How fear can point us in the right direction
THAT'S MEN:Fear should act as a catalyst for action rather than instil a feeling of paralysis
FEAR IS all around us. Even Harry Crosbie of The Point/O2 fame said on the radio the other day that for the first time in his life he has the feeling that “it’s dangerous out there”, or words to that effect.
I thought it refreshing to hear a man in his position acknowledging the fear that so many feel.
Then I read an article on fear by one of my favourite Buddhist bloggers, life coach Sunada Takagi, on the Wildmind website. What she wrote is worth repeating because with the Budget, Christmas and the bleak month of January coming towards us, we are not short of sources of fear.
The Buddhist approach to fear and other discomforts is to turn towards what is happening instead of running away from it.
If you were a primitive man strolling through the jungle and you came across a fierce tiger you would run away as fast as your little legs could carry you. That’s not running away from fear. That’s running away from the tiger. Fear in this case has done its job.
Fear today, of course, is more likely to be related to money problems, threats to a job or a business, health issues or challenges in relationships than to tigers.
Back to that primitive man. Fear can save his life if he happens to meet a tiger. Even if he doesn’t meet a tiger, though, fear of meeting one means that he is mentally and physically alert.
As Sunada puts it: “He’s in a state of readiness – not to the point of hyper-anxiety – but a clear, focused alertness that can respond intelligently to whatever comes his way.”
That’s a different take on fear. If a person defines fear as bad and as something to be got rid of, he or she may run around like a headless chicken, snort cocaine (not easy if
you’re a headless chicken) or become paralysed. I should add that these examples are my creation – as she is a Buddhist, talk about headless chickens would not go down well with Sunada.
Instead of running from fear, she writes, “if we tone down the intensity of fearful energy and strip away our idea that it’s ‘bad’, we find underneath it an intrinsic motivator for actively and intelligently engaging with our world. It also has the potential to draw out our inner resources that we may not even be aware of. It’s a force that can move us forward.”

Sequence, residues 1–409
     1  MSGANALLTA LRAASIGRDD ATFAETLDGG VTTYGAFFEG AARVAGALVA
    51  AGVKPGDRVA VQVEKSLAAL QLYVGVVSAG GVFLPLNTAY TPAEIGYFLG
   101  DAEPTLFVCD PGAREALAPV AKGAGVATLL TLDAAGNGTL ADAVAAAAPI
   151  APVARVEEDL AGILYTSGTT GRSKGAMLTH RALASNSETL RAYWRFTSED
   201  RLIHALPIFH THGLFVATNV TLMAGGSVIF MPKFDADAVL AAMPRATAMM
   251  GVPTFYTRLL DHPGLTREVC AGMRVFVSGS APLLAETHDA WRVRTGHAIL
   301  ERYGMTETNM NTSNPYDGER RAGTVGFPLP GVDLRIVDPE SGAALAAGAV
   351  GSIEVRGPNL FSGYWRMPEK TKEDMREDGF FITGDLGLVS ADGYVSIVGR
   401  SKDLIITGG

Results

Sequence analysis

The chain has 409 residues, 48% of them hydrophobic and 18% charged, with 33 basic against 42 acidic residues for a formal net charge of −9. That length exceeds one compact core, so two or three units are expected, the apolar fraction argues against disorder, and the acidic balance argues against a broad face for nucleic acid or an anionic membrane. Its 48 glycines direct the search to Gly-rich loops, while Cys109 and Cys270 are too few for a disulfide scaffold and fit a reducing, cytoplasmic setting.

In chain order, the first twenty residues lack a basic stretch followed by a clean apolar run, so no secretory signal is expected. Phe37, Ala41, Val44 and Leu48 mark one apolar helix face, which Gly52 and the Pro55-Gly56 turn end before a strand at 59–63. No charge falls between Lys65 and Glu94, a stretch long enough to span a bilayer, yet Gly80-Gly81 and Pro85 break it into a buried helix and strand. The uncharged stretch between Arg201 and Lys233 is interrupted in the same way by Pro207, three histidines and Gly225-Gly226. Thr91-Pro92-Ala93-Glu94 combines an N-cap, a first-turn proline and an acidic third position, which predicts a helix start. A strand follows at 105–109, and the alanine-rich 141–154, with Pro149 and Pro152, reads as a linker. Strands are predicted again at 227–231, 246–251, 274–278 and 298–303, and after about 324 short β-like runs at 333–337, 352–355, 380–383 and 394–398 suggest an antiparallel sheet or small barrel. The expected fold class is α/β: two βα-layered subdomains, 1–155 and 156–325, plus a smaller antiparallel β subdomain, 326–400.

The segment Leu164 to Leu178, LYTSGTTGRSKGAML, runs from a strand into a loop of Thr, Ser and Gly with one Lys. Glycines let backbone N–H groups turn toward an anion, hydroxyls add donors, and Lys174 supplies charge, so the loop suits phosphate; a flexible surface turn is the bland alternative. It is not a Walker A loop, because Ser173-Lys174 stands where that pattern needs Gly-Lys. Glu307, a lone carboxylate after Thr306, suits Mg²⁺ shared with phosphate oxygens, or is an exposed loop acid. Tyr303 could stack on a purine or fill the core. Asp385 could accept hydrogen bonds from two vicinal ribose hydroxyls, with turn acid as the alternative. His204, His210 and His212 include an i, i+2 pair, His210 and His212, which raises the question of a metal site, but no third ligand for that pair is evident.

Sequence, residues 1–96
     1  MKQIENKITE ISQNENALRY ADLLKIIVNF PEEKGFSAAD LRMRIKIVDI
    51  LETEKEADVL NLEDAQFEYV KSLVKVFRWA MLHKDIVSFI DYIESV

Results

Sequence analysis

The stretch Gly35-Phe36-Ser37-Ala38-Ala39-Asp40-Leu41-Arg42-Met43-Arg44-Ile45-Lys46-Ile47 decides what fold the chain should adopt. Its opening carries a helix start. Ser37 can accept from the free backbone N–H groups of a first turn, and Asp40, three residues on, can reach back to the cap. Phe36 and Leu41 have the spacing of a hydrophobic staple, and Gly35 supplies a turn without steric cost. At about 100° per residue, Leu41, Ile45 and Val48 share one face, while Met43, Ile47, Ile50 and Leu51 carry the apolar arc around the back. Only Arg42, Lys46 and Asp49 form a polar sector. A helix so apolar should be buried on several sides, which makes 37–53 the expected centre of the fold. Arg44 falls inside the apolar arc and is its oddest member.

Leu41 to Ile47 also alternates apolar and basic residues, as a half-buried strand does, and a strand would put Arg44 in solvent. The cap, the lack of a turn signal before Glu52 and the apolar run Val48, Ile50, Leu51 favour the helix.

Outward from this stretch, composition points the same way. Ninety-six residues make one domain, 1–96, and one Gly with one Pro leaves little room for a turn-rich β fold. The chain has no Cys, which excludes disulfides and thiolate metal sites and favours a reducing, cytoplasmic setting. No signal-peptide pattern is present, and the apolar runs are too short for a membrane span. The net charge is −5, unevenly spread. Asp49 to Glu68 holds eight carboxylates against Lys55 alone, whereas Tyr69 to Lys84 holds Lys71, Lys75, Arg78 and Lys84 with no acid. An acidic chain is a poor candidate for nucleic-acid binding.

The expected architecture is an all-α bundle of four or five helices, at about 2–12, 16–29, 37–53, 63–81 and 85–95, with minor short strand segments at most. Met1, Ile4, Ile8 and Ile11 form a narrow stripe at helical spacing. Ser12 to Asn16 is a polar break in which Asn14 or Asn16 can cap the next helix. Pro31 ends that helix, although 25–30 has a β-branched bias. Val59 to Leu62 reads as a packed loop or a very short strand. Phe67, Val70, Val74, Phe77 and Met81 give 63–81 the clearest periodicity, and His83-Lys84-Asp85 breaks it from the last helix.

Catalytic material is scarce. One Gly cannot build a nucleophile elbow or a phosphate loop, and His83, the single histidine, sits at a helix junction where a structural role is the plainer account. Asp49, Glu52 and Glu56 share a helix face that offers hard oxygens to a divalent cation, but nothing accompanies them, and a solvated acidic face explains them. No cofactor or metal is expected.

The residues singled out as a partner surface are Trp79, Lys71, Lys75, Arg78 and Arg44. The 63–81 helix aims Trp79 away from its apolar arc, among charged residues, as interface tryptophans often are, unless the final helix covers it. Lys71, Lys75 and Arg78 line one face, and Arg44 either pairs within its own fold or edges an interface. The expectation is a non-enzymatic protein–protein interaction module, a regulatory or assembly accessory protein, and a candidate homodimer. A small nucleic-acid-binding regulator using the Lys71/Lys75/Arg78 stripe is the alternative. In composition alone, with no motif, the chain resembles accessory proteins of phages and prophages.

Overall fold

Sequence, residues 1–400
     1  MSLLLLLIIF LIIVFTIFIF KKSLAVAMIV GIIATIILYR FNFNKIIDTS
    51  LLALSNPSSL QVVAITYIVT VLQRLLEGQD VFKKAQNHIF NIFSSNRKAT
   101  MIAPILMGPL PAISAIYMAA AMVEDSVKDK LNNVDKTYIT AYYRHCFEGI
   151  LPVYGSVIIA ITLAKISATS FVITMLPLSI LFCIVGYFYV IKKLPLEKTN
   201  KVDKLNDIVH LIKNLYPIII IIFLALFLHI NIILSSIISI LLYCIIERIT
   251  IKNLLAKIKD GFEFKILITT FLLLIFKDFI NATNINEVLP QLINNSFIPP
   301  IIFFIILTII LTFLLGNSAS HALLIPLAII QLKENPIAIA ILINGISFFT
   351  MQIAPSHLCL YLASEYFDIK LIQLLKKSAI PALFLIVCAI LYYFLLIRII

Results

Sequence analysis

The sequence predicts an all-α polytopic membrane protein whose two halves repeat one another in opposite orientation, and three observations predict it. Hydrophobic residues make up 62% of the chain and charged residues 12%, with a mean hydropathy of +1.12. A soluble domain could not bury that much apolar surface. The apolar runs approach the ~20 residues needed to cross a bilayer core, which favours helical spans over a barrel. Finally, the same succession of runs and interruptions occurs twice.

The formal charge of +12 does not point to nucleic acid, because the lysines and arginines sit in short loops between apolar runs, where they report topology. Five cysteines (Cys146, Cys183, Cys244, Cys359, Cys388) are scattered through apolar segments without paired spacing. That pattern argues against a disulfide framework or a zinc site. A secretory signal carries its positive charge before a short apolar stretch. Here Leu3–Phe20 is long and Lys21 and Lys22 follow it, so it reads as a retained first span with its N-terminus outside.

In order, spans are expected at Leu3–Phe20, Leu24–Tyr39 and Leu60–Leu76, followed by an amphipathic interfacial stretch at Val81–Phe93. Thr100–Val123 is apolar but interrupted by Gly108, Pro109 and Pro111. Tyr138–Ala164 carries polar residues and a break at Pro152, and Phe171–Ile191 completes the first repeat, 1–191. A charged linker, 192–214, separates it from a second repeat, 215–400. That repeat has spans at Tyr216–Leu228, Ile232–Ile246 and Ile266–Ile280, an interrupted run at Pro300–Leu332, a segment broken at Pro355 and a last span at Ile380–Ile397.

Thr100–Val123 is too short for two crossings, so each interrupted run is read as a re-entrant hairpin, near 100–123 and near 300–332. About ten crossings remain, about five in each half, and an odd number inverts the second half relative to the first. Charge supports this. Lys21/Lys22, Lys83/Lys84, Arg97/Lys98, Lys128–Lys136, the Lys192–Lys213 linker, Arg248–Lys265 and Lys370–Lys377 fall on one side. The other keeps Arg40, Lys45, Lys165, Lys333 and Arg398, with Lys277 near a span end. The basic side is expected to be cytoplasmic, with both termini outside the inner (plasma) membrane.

To experience these benefits, “when the fear temperature rises, stay with it. But don’t fight it or indulge it. Recognise any doomsday thoughts that come up for what they are – just thoughts.
“In that moment, with your heightened awareness, look for what’s really calling for your attention. What’s one step we can take to move forward?”
Since I read her article I’ve been experimenting with this approach. When the fear stirs, instead of lamenting that fact, I ask what the fear is telling me I need to do. It helps me to prioritise and to get on with doing what needs to be done.
I have to confess that when I’m feeling lazy I sometimes opt to have the fear instead of getting up and running away from whatever metaphorical tiger is baring its teeth at me.
Still, this approach to fear brings a clarity to how I see things and there is a relief in just being afraid of what the fear is about rather than also fearing fear itself.
“I’ve grown to see fear as my ally,” writes Sunada. “When I listen to it, it points me in no uncertain terms toward where I need to go.”
Afraid of the expense of Christmas? Well, what’s your fear telling you? That now is the time to start lowering your kids’ pre-recession expectations? That you should forget flying to Lanzarote on the 27th (hey, remember that?)? That you should put a realistic limit right now on what you’re going to spend?
Isn’t that approach better than going around shouting at people and drinking too much cheap wine to calm your nerves?
You can find Sunada’s article at www.wildmind.org